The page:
I was asking for a link that backs up your theory that producers are manipulating prices by limiting production. US and Saudi production are at all time highs!

paul young
10-14-2012, 06:34 AM
I agreed with you and I said we have always exported gas and diesel!

I was asking for a link that backs up your theory that producers are manipulating prices by limiting production. US and Saudi production are at all time highs!

Not limiting production; limiting what is available for use in the USA. Sorry if I wasn't clear on that.-Paul

Gerry Clinchy
10-14-2012, 10:13 AM
Not limiting production; limiting what is available for use in the USA. Sorry if I wasn't clear on that.-Paul
Have prices commensurately increased in other parts of the world?

Or could that increase be due to the weak dollar since the dollar is the currency that oil products are priced with?

And, I think there has to be some truth in the fact that the cost of gasoline (and other energy) has compelled people to use less of both in any way that they can think of. (driving less, using wood for home heating; setting thermostats higher in summer and lower in winter).

The problem is that conservation of energy has not decreased the overall cost to consumers; it has not created more disposable income ... in fact, in spite of conservation, consumers are paying more for the lesser amounts of energy they use.

Seems reasonable to me that if the US were committed to a long-term increase in the supply of oil and natural gas, the energy markets would stabilize. Presently those markets are subject to a lot of variation because the expectation is that the US is subject to a lot of variation.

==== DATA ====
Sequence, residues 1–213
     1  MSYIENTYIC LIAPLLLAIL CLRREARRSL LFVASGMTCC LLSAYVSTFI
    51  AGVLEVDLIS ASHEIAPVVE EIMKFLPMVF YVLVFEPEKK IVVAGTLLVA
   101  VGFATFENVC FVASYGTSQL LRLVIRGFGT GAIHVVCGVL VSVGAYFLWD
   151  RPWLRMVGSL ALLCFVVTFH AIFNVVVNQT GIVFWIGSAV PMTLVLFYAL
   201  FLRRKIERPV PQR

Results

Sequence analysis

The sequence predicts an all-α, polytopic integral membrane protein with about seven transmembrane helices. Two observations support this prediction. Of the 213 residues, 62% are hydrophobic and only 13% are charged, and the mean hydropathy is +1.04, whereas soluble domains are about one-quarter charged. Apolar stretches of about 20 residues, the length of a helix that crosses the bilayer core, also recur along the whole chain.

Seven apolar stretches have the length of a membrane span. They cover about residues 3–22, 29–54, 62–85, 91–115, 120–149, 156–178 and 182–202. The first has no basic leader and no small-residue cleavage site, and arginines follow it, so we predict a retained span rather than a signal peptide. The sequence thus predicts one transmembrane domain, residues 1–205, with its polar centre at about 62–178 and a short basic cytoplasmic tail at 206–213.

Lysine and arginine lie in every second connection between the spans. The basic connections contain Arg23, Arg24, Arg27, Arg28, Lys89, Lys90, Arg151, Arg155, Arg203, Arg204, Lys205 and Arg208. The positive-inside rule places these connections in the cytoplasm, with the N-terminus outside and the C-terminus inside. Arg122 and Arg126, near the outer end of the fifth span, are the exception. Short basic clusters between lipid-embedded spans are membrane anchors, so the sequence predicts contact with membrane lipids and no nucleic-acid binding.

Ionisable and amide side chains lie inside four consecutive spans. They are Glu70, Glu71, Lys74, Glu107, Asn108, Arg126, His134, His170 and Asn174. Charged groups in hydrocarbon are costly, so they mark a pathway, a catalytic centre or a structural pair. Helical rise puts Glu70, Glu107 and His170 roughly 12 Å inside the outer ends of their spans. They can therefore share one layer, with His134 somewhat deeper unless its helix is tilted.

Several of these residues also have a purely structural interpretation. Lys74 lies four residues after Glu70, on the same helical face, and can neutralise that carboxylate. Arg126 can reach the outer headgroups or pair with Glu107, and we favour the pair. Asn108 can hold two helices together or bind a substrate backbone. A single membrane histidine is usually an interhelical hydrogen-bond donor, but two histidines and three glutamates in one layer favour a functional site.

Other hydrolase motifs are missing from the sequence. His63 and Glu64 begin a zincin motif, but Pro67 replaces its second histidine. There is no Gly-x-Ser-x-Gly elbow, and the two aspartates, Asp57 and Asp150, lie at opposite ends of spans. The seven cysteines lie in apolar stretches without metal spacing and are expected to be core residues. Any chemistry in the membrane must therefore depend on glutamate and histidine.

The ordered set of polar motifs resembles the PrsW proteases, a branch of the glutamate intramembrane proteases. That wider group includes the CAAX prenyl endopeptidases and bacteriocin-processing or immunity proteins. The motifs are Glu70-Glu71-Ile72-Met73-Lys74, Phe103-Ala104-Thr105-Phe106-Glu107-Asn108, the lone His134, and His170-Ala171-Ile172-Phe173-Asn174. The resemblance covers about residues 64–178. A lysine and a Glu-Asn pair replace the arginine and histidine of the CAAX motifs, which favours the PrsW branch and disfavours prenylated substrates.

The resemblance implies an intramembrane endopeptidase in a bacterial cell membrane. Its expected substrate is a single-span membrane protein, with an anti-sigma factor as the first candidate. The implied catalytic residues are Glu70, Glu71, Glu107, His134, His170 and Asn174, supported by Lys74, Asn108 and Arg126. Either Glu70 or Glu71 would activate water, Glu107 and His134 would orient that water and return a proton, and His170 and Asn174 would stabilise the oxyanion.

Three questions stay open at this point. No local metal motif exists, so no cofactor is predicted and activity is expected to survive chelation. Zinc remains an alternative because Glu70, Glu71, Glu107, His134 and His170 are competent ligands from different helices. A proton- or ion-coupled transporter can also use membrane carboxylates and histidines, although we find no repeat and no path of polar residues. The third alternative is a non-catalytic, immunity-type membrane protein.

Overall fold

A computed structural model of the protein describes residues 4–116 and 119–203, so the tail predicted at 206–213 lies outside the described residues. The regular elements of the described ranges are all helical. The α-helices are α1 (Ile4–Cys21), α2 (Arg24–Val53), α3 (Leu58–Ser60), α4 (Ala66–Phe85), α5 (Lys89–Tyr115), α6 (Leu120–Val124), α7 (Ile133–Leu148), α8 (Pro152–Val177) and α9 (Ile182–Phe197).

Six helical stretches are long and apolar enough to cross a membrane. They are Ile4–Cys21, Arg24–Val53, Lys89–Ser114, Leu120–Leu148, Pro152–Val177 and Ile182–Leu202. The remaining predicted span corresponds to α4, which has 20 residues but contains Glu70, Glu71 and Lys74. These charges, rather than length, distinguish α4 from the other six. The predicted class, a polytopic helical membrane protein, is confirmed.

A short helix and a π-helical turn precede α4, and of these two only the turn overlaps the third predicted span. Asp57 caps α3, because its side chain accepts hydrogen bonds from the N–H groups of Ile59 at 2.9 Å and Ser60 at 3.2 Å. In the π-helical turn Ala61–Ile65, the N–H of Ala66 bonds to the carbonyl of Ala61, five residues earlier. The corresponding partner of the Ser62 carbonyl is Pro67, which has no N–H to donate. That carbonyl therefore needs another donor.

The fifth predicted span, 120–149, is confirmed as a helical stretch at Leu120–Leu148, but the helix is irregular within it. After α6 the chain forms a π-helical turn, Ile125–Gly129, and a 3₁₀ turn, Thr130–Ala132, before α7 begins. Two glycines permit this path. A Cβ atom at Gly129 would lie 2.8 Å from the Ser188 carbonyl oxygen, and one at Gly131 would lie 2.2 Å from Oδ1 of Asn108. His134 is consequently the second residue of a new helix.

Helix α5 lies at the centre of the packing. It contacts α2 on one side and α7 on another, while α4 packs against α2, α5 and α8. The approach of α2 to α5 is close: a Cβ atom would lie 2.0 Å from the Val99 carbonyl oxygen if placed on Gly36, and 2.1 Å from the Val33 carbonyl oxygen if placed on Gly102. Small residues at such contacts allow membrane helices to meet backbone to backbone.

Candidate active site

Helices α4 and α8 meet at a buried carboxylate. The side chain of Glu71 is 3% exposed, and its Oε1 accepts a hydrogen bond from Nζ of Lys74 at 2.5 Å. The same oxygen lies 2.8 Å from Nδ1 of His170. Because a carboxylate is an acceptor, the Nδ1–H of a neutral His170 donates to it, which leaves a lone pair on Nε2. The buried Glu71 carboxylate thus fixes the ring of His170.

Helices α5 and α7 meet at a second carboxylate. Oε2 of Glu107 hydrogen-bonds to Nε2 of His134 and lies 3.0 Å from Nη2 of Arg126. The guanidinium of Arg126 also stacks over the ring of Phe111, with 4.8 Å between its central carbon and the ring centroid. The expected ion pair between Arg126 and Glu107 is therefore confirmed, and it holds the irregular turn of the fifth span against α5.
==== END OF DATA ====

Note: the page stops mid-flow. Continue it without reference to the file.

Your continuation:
When EPA's coal limitations are implemented fully, it could be disaster. The vast majority of electricity in Ohio is coal-generated. If Ohio goes for Obama, they could live to regret that greatly when the EPA regs kick in for coal plants.

The report cites that imported oil is now ONLY 45% of domestic usage. Though down from 60%, that means we're still greatly dependent on outside sources for our energy.

OTOH, I would agree with the first analysis ... if we import raw material in order to refine that raw material and sell it back to the raw material supplier at a profit, then that should result in a favorable balance of trade for the US. Conversely, it should also be beneficial to use our own raw materials to sell within our own country if it can be done to price advantage.

Since the US energy supply is now estimated to far exceed the supplies in many of the countries from which we now import, eventually, if those countries deplete their own supplies, we will be using our own raw materials to produce an even larger US-favorable balance of trade? Or is that too simplistic a conclusion?

Franco
10-14-2012, 10:22 AM
Have prices commensurately increased in other parts of the world?

Or could that increase be due to the weak dollar since the dollar is the currency that oil products are priced with?

And, I think there has to be some truth in the fact that the cost of gasoline (and other energy) has compelled people to use less of both in any way that they can think of. (driving less, using wood for home heating; setting thermostats higher in summer and lower in winter).

The problem is that conservation of energy has not decreased the overall cost to consumers; it has not created more disposable income ... in fact, in spite of conservation, consumers are paying more for the lesser amounts of energy they use.

Seems reasonable to me that if the US were committed to a long-term increase in the supply of oil and natural gas, the energy markets would stabilize. Presently those markets are subject to a lot of variation because the expectation is that the US is subject to a lot of variation.